Smoking is a major public health issue worldwide, and Australia is no different. Despite strong public health efforts and strict laws, smoking is still a serious danger to Australians. What are various risks related to smoking? 

Overview of Smoking in Australia

Australia has achieved notable progress in the fight against smoking, thanks to comprehensive public health campaigns and stringent anti-smoking legislation. As a testament to these efforts, beginning 1 March 2024, South Australia enforced new laws banning smoking and vaping in various public outdoor areas. These actions are in alignment with the regulations set in the South Australian Tobacco and E-Cigarette Products Act 1997, aimed at reducing the dangers of passive tobacco smoke and exposure to e-cigarette aerosols among non-smokers.

Despite such proactive measures, a significant segment of the Australian population continues to smoke, thereby endangering their health and the health of others around them.

Understanding What’s in a Cigarette

Cigarette smoke is a mixture of harmful chemicals, encompassing nicotine, tar, carbon monoxide, formaldehyde, arsenic, and lead, among others. These substances negatively affect virtually every organ in the body, leading to a wide range of health problems.

Immediate Health Risks of Smoking

The immediate effects of smoking are concerning, as smokers often encounter a faster heart rate, higher blood pressure, and elevated levels of carbon monoxide in their blood. The impact on respiratory health is also immediate, characterised by coughing, wheezing, and an increased susceptibility to respiratory infections.

Long-term Health Risks of Smoking

The long-term health consequences of smoking are severe, including chronic conditions like heart disease, stroke, various cancers, and chronic obstructive pulmonary disease (COPD). These illnesses greatly reduce the quality of life and can significantly shorten life expectancy.

Smoking and Cancer

The link between smoking and cancer is clear and undeniable. Many cancer cases are directly attributed to smoking, with throat, mouth, bladder, and kidney cancers being among the most common types caused by this habit. Lung cancer stands as the leading cause of cancer-related deaths around the world, with a significant majority of these cases being linked to smoking.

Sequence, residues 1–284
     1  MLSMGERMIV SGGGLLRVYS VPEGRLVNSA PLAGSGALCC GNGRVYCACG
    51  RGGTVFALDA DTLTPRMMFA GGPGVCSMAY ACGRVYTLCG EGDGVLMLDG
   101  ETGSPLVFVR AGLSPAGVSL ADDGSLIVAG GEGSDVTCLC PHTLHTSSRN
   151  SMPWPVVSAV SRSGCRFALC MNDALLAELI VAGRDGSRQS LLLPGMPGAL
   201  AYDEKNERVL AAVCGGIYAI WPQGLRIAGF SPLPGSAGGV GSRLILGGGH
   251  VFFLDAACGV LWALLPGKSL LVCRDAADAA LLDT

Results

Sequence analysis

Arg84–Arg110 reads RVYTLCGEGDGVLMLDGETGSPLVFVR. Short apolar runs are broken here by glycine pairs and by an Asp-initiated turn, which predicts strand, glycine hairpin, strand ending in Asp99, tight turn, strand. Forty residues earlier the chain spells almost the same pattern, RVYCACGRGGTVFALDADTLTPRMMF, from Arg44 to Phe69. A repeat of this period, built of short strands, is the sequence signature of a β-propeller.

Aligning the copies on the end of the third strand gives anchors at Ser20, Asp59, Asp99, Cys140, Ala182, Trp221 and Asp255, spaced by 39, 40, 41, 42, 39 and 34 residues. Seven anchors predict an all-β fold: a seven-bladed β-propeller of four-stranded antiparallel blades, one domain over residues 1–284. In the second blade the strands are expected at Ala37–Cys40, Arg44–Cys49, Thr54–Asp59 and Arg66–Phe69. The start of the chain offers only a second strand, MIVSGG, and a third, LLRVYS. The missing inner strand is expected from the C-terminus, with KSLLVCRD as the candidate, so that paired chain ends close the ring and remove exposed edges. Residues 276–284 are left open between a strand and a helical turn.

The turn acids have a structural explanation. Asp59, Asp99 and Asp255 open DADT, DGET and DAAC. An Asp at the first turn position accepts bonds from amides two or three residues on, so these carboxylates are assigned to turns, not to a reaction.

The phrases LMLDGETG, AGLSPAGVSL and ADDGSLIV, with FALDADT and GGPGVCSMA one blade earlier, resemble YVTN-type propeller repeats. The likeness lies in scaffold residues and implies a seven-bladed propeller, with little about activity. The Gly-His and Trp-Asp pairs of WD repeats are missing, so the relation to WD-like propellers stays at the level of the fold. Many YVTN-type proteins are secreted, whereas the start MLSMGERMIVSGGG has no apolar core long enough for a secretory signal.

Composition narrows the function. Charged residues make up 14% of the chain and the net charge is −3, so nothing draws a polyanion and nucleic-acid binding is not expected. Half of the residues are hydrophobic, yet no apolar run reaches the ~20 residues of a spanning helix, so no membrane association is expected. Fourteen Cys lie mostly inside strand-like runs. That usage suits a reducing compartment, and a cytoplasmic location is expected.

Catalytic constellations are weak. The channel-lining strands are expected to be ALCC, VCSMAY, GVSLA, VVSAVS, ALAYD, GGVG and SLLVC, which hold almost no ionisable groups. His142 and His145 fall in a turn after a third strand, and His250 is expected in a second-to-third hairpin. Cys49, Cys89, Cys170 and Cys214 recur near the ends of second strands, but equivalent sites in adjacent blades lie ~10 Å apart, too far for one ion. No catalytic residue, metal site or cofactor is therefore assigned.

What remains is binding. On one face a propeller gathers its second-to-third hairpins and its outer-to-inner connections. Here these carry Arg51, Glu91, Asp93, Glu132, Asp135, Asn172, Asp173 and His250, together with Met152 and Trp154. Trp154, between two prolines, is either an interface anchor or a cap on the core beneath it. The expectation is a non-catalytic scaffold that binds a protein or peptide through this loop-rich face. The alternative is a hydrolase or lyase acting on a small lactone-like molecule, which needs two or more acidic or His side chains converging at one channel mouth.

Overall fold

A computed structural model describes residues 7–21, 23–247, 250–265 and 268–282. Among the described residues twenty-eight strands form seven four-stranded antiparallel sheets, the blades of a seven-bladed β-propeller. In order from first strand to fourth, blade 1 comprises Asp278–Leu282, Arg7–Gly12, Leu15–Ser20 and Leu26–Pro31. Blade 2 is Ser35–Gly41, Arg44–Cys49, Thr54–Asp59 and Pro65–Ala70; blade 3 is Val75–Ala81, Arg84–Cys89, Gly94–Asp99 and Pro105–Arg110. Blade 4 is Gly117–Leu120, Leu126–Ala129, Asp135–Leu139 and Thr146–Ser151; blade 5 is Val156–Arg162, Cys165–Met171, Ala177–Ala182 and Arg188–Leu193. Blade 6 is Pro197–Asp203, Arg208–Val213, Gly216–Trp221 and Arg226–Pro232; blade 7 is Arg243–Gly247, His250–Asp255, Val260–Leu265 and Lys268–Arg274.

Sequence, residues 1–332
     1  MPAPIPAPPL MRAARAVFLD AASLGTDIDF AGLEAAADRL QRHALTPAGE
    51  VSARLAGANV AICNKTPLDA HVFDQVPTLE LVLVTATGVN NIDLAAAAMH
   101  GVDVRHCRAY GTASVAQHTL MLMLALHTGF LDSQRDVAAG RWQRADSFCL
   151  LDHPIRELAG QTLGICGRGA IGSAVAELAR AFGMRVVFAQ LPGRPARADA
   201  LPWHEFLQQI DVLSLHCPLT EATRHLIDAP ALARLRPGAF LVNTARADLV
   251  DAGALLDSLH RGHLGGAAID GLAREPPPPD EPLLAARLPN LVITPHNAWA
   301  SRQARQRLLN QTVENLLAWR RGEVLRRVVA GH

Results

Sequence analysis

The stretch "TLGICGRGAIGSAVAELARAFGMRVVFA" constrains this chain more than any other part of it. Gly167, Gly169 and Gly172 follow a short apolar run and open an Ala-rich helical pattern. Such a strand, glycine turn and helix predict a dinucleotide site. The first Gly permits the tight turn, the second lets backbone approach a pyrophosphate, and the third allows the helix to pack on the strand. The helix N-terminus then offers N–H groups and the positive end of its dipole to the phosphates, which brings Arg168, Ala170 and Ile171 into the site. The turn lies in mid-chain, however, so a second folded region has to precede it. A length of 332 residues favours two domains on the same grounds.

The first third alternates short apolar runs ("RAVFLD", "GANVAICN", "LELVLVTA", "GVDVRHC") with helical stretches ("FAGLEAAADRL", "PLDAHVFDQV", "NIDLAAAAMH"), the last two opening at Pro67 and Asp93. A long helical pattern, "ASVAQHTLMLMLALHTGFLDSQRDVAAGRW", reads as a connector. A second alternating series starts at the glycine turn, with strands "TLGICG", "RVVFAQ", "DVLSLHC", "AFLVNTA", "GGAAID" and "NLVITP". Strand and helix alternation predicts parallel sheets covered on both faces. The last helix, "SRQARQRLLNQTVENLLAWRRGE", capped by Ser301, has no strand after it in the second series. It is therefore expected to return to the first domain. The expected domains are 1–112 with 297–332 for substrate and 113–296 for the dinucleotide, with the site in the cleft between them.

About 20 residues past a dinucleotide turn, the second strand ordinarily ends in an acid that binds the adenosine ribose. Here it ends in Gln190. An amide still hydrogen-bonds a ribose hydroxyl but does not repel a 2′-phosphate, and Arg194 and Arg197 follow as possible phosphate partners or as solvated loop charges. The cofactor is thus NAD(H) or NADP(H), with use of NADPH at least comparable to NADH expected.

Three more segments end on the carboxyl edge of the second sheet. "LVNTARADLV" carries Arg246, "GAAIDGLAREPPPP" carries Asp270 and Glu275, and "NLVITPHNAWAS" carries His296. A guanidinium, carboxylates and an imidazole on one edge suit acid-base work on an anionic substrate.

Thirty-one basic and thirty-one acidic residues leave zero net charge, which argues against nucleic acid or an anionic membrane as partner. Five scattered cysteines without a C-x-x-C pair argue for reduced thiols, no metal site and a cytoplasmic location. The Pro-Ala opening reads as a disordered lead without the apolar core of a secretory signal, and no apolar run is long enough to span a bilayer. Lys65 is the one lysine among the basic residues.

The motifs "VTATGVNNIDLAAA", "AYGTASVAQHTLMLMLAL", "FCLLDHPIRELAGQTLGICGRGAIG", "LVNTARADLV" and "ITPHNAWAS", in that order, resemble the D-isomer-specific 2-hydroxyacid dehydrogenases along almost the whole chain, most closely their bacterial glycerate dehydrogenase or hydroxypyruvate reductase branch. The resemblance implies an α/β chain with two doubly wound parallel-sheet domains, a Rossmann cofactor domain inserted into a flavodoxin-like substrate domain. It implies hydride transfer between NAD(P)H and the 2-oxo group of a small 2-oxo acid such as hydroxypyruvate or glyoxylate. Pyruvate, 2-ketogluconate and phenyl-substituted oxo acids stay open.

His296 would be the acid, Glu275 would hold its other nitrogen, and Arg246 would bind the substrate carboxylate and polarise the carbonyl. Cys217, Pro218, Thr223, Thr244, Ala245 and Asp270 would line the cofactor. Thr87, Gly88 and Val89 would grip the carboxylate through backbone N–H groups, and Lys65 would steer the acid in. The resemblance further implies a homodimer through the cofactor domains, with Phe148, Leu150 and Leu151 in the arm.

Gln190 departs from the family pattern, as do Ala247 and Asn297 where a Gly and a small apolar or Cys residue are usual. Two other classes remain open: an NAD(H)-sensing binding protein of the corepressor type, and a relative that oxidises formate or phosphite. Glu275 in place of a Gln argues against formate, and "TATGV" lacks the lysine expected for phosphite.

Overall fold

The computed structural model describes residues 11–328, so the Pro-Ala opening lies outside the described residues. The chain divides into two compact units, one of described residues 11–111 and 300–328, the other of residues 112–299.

In Australia, approximately 90% of lung cancer cases in men and 65% in women are estimated to result from tobacco smoking.

Smoking and Cardiovascular Health

Smoking severely affects the cardiovascular system, heightening the risk of heart disease, heart attacks, and stroke. The harm smoking causes to arteries, and the heart is a major cause of mortality among smokers.

Smoking and Respiratory Health

Smoking primarily damages the lungs, putting smokers at risk for serious conditions like chronic obstructive pulmonary disease (COPD), emphysema, and chronic bronchitis. Smokers are also more vulnerable to respiratory infections, which can further deteriorate lung health.

The Impact of Smoking on Mental Health

Recent studies highlight a complicated link between smoking and mental health, indicating that smokers are more likely to suffer from anxiety, depression, and stress. The addiction to nicotine and the difficulties of withdrawal can worsen mental health problems.

Passive Smoking Risks

Passive smoke poses significant health risks, not just being an inconvenience but a serious threat, particularly to children, non-smokers, and pets. Being exposed to second-hand smoke can result in various health issues and even cause premature death.

The Financial Cost of Smoking in Australia

The economic impact of smoking on individuals and the Australian healthcare system is significant. Smokers spend a considerable part of their income on cigarettes, while the country shoulders the expenses associated with smoking-related healthcare needs.

Changes in affordability of cigarettes over time in Australia

Quitting Smoking

Quitting smoking brings immediate and lasting health advantages, including better heart health and a reduced risk of cancer. Australia is rich in resources for those wishing to stop smoking, offering national helplines, government initiatives, and community support groups.

The dangers of smoking are undeniable threats to health and wellness. Ceasing smoking is perhaps the most crucial action an individual can take to enhance their health. With the extensive support available in Australia, now is an excellent time to quit.

If you or someone you know is prepared to quit smoking, many resources are ready to assist you on this path. Contact national helplines, explore trustworthy websites, and join local support groups to begin your journey to a healthier, smoke-free existence.

Australia’s dedication to decreasing smoking rates remains strong. By recognising the risks and deciding to quit, we can contribute to a healthier future for ourselves and future generations.